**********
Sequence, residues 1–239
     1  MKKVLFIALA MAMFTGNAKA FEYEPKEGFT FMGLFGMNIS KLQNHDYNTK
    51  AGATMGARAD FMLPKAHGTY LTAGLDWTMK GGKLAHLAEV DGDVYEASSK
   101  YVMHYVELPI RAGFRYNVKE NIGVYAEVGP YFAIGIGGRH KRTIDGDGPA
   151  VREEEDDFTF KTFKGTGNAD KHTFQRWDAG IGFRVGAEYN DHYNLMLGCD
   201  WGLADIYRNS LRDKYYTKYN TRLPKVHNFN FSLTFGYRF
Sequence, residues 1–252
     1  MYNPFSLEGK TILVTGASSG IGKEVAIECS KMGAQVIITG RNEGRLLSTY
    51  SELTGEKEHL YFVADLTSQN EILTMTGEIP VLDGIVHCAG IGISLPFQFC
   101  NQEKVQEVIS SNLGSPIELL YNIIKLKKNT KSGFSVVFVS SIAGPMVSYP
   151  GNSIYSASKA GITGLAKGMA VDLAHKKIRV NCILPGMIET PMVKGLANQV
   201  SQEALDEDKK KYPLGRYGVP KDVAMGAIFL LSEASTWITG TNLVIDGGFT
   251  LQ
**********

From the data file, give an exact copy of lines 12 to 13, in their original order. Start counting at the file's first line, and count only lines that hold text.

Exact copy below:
   201  SQEALDEDKK KYPLGRYGVP KDVAMGAIFL LSEASTWITG TNLVIDGGFT
   251  LQ